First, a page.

That is pretty much the definition of a UPS system.I would envision I would be at the other vertex of the triangle. Near 0% discharge most of the time, and near 50% a few days a year.
Not me--but probably true to a degree... Although, it is almost people are handicapped by old ideas. Leads them to a large battery bank with small charging resources (less than 5% even). And when they "ran out of power", the recommendation was a larger battery bank (yes, that was common advise not too many years ago, and probably still true in some areas of the Internet/off grid resources). Adding batteries instead of charging resources--was still a bad idea back then, and still is now.Was it you who said (in some other forum) about a generational difference in off-gridders. The old notion was "batteries cheap, panels expensive" , but now its the exact opposite
Presently battery monitors are (for the most part) not integrated with charge controllers... So, other than a programmable alarm (for limited type of events), the typical battery monitor is to inform the system owner about the present state of charge of the battery bank. I don't know of any Battery Monitor that can warn of "over charging events"... (not that I know much in details about monitors or what is available).What about the fancier battery monitors?
A battery monitor will not be a substitute for a remote battery temperature sensor controller charge controller.
I tend towards recommending small AC UPS for computers (UPS's have losses--I don't want to waste the power to provide a UPS for my fridge and microwave/toaster ovens so I don't have to reset the clock)--and a "balanced" off grid solar PV system for balance of home (with conservation/power management for motors via choice of motors/systems and/or VFD type controllers).Another reason for AGM batteries for the setup I describe (better for providing possibly large wattage during transient events)
In the end, you will probably do several designs and compare the cost/benefits for your needs. And they probably will not be black and white type answers.
And how much planning/equipping do you do for a once in 100 year event? Our last 1 week power outage was in the Mid-1950's. The rest have been for a few hours every couple years.I figure 2-3 year life for a UPS, at $100 a pop. Which is one of the "economic" reasons for seriously considering some kind of "batteryization". In fact, up until our friendly neighborhood dereecho provided a refresher course in coping with extended outages, the bigger reason.
We have "the big one" (earth quakes) every 100-150 years.... Last "big" one was in 1907. Earthquakes tend to have very scattered heavy damage among almost no damage. "Earthquake" proofing an older home is a much better idea here vs adding a entire off grid solar capable system.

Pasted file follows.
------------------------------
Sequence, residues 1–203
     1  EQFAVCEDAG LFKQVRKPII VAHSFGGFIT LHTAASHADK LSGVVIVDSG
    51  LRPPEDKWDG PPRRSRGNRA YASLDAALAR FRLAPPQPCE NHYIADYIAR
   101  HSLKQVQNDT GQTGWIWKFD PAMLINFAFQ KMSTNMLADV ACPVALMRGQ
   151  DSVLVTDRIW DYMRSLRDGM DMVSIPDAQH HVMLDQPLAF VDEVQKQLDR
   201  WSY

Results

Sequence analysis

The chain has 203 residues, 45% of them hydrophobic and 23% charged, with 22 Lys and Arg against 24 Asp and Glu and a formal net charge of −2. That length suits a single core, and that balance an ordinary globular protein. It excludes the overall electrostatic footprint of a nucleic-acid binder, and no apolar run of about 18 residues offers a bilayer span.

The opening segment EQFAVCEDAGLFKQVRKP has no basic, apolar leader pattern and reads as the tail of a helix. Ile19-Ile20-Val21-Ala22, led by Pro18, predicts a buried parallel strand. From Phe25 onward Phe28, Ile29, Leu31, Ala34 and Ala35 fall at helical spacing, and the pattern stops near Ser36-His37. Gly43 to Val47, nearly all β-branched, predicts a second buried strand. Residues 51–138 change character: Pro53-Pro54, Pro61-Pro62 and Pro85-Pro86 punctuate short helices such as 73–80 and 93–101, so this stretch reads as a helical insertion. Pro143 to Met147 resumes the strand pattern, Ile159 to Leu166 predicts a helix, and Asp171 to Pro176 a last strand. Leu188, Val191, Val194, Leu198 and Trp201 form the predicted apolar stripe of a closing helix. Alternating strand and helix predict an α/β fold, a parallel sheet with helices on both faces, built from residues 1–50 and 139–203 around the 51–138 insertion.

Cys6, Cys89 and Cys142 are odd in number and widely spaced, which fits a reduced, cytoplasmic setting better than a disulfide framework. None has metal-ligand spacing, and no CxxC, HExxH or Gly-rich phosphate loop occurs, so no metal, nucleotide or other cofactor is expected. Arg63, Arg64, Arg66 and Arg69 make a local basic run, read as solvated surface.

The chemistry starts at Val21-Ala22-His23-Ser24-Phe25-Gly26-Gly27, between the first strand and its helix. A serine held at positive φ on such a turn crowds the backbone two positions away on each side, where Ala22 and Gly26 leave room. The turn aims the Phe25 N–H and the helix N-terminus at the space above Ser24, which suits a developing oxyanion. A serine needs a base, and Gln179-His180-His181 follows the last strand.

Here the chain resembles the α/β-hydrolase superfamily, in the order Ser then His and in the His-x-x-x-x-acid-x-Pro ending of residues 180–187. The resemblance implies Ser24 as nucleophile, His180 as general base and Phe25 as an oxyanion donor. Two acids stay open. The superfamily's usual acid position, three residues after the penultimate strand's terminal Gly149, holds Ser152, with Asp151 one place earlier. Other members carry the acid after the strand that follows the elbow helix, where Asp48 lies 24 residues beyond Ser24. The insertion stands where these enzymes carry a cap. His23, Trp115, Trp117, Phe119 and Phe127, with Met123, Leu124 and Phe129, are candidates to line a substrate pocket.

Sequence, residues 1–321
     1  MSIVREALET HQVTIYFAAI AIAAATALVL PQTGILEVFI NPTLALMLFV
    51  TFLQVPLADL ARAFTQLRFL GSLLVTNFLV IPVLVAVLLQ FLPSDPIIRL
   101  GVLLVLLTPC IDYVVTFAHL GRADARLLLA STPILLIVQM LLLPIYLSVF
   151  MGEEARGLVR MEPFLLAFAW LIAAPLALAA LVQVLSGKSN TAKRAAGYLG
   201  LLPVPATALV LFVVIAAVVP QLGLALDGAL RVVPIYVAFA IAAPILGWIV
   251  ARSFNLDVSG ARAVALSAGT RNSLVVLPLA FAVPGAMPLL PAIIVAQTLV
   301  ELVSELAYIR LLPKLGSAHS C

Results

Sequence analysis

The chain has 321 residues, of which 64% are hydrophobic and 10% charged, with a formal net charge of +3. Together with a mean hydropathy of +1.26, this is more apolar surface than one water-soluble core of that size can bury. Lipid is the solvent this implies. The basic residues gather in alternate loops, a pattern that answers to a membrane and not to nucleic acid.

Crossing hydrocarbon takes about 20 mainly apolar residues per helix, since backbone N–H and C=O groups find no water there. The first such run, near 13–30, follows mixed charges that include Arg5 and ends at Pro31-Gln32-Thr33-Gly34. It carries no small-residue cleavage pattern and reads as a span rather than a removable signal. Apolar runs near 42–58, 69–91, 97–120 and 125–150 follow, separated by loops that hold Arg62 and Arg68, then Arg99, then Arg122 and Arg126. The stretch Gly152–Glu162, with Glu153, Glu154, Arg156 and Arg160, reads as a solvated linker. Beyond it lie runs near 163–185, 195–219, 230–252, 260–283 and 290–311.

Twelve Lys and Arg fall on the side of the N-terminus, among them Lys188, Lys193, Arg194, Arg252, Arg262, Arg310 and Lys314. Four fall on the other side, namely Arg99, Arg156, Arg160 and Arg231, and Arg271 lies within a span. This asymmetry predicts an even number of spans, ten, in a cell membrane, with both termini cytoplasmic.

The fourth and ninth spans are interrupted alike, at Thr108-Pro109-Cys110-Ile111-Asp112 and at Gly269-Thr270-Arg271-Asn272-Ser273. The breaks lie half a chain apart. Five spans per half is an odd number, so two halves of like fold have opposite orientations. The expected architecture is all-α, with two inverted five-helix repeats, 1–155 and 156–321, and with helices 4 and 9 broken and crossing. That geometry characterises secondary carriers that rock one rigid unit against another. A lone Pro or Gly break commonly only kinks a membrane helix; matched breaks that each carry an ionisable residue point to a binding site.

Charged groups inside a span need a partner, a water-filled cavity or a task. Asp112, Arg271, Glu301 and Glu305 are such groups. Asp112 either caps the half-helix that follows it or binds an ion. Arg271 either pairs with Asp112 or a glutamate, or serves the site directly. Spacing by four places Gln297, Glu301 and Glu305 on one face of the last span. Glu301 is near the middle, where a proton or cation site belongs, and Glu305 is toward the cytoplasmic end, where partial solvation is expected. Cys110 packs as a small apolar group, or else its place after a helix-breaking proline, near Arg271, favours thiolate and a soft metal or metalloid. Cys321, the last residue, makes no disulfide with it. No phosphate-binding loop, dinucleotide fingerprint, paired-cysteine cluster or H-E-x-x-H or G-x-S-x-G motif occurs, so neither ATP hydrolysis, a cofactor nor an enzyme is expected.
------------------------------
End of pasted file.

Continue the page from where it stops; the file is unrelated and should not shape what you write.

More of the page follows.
Two is always better. Spare and a backup. Plus you can always "barter" fuel/unneeded genset/electricity if ever needed. Plus the larger genset can be useful for power tools/AC etc. when needed and convenient (fuel availablility, etc.).I figure I am going to need a genset -- and I got one already (though I might ditch it for a honda eu2000).
Assuming install a large GT system (or Hybrid GT system)--Yes, Net Metering and SRECs will help reduce overall system cost (plus tax breaks for "whole" solar system vs smaller UPS plus smaller solar system which is not 100% tax break compatible).Definitely have net metering up here. And, quite importantly, SRECs. So value of electricity sold to the grid is > retail cost. Achieving optimality may not be possible for both functions, but reasonable efficiency should be achievable. I posit that will be cheaper & easier than two seperate optimal systems.
True, the amount of time you would spend on GT/OG "bang-bang" charging will be low... So battery life will be unaffected.The suggestion by stevendv (http://www.wind-sun.com/ForumVB/show...056#post123056) to have a transfer switch to select GT > main_cb_panel or GT -> inverter/charger_subpanel is interesting; it might remove this concern (99% of the time the battery is being properly charged (if charged at all) by the inverter/charger.
I am a big believer in looking at maintenance (costs, time, debugging, locating old/obsolete parts vs forced upgrades, etc.).
A whole home UPS--replace batteries every 7 years or so, repair/replace electronics after 10+ years (for the most part, 10+ year old "high-tec" electronics are not repairable as vendor has cut parts/service support and electronic compenents are not available on the open market, etc.
So--Figure on saving cash for new MPPT controller, new GT controller, new Off Grid inverter, every 10+ years... New battery bank every 6-10 years. And look at the energy costs (loses, battery charging, conversion losses for UPS's, etc.).
Not saying it is not worth it for you... Just that you will be replacing 2/3rds of your system every 10 years or so.
VS me--use laptops (have own battery), small $100 UPS every two years for one desktop system. And buy a new Honda eu2000i for $1,000 every ten years (if it still runs--I now have spare/something I can loan out for non-emergency use).
Buy 20 gallons of fuel and preservative once a year, recycle old fuel back into car (has been making me money lately with the rocketing price of fuel--better than my savings account).
Look for propane/natural gas version of gensets if you have natural gas/propane available.